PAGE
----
Rental listings are down 45 per cent on the five-year average, according to Zoopla. The first three months of 2022 have seen a global rental shortage, with the UK, in particular, experiencing a stock issue. Here, we look at why this is happening and what might be causing the shortage of rental listing in the capital.
Certainly, London hasn’t reached pre-pandemic levels in terms of footfall. Work-from-home measures remain, with fewer people needing rental accommodation in the capital as they stick to more rural areas.
Yet, the issue isn’t one of demand. Indeed, rents increased by 8.3% in the final three months of 2021. It was the steepest rise in 13 years, so the problem doesn’t rest with fewer people wanting homes to rent. Instead, it’s the number of landlords listing properties on the market where the issue lies.
The additional 3% stamp duty for second-home owners (including landlords) was introduced in 2016, some six years ago. Yet, its effect is far-reaching and still impacts the rental market in the UK today.
The government has been urged to scrap the scheme by the National Residential Landlords Association (NRLA) to boost supply in the housing market. NRLA argues that removing the surcharge would encourage investors to return to the market. So far, thousands of landlords have left the buy-to-let market since the new stamp duty criteria came into effect in 2016.
If one change wasn’t enough, landlords were hit with a double blow during the infamous buy-to-let shake-up announced in 2015. Along with a stamp duty surcharge, all tax relief from mortgage interest payments was scrapped.
Previously, investors could claim against the interest paid on their buy-to-let mortgage. As of 2022, that relief has been phased out and replaced with a standard 20%. It makes buy-to-let investing seem less attractive as landlord costs rack up, and it’s still arguably one of the primary contributing factors to the shortage of rental listings we see at the moment.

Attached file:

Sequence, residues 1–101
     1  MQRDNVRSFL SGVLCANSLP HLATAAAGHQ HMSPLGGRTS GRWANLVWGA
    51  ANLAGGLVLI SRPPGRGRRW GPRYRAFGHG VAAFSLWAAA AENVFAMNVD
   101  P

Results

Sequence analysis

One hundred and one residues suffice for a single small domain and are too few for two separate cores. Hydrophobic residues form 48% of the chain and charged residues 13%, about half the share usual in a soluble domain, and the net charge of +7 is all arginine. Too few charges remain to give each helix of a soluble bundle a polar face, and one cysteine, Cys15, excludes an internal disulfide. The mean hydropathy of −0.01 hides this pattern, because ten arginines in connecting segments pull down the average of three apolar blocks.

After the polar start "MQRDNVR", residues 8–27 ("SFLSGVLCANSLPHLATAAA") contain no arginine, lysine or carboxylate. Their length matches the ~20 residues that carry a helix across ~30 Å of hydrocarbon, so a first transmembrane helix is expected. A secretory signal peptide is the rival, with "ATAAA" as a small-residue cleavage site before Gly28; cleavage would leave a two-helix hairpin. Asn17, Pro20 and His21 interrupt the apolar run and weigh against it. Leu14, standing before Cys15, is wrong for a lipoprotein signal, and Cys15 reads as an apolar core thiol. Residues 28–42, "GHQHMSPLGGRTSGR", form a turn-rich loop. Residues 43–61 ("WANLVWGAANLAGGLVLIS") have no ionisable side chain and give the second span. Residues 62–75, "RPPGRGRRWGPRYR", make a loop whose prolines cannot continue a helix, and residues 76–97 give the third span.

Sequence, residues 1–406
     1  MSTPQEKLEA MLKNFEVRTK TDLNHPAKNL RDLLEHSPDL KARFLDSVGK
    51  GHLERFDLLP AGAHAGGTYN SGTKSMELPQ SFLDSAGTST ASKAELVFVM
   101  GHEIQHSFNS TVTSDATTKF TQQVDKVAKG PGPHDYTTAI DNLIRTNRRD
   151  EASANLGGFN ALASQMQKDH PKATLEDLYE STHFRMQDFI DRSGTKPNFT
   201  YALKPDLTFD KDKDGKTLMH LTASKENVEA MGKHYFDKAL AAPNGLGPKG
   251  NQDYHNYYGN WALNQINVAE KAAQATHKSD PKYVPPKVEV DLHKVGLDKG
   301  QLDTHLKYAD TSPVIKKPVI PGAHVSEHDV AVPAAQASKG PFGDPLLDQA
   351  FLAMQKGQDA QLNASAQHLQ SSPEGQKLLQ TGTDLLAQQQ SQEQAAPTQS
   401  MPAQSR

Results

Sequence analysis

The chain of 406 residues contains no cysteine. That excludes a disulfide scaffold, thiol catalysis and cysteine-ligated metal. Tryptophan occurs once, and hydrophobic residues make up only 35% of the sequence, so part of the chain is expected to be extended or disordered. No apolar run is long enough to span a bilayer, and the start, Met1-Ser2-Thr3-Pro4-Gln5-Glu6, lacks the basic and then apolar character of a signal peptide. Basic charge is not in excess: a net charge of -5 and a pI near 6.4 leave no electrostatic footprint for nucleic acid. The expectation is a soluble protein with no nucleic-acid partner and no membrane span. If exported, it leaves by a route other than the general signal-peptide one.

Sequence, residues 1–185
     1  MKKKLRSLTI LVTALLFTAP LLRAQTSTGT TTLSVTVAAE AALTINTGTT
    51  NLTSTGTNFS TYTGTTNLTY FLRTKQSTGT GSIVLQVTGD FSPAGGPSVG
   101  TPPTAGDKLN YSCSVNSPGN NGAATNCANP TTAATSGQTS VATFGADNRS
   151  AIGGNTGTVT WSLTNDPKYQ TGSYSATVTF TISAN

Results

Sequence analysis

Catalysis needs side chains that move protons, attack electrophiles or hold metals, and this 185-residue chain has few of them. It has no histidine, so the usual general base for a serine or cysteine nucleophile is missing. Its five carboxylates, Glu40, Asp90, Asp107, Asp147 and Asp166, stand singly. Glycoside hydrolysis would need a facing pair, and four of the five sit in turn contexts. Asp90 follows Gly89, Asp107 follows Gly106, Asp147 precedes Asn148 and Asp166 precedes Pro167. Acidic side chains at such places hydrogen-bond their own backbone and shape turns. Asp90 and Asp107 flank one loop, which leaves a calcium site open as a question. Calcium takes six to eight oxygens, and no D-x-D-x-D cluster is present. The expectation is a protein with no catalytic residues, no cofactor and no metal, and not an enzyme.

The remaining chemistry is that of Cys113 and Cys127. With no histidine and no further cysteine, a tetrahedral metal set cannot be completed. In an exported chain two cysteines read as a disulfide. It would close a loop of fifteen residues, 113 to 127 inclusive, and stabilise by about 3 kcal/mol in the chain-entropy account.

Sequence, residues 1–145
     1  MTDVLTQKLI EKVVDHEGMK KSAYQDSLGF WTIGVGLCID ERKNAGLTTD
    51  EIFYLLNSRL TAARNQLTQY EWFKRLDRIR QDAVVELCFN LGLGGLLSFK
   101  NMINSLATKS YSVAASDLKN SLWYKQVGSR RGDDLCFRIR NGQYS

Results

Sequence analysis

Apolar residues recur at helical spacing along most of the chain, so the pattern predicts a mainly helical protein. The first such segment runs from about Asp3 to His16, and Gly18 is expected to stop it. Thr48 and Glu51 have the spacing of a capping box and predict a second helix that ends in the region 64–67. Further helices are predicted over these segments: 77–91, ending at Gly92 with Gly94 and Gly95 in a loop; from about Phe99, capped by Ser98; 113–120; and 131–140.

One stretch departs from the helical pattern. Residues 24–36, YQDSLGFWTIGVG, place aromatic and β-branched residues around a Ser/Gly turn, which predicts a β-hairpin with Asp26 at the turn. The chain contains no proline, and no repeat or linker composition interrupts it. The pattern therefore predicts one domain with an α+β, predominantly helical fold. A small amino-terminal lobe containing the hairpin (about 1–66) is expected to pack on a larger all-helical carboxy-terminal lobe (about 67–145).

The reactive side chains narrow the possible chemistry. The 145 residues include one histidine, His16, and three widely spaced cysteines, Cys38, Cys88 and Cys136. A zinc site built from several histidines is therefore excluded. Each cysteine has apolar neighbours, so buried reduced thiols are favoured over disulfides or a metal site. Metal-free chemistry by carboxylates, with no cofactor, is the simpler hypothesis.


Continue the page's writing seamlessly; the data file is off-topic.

In the last few years, the number of rental properties built in the capital has fallen. The city is dense, and available space to build new homes is scarce. It has even reached the point where some developers are looking at the possibility of extending upwards due to the lack of available land.
On top of that, the impact of the pandemic has been felt across the capital. Fewer homes built means the number of available properties to sell and let decreases, with a growing number of tenants vying for a smaller amount of homes.
HMO (houses of multiple occupation) has long played an important role in London’s rental housing market. Now, changes to HMO licensing have to come into effect with homes housing sharers of more than two.
Many councils are also making amendments to their HMO licensing, including Westminster. The borough has the largest private rental market in London and now requires licensing for all HMO properties. Previously, it wasn’t mandatory for landlords of HMO until five or more people shared a home.
Many landlords are put off by the requirements needed to run a buy-to-let property. New compliance measures, such as the extension to smoke alarm regulations and electrical safety tests, have essentially made being a landlord a part-time job rather than one where they earn passive income.
The number of documents and certificates you’re required to keep track of is rising. Plus, the added costs of having compliance tests undertaken have led to smaller profit margins for many landlords. Consequently, there is a growing number leaving the market.
Housing is only becoming more expensive, and there’s a lack of schemes designed to help renters and landlords buy homes. This is an issue for renters, in particular, as it drives up the demand for rental homes.
If, however, it was easier to get on the property ladder, demand would lower, and more properties would be available on the market. Landlords should also be incentivised to invest in bricks and mortar, as they have an important role in the housing market and provide high-quality homes for people.
Those in charge of housing need to make some bold decisions, giving both renters and landlords reason to be cheerful about the property market. From a landlord’s perspective, removing stamp duty surcharges and offering tax relief would go a long way to bring confidence back to the market.
While renters need more incentives to buy homes, thus freeing up the number of properties available. Right now, it’s the perfect storm contributing to high demand and low supply. But the right initiatives could change that, providing the right balance between stock and demand, so everyone wins.
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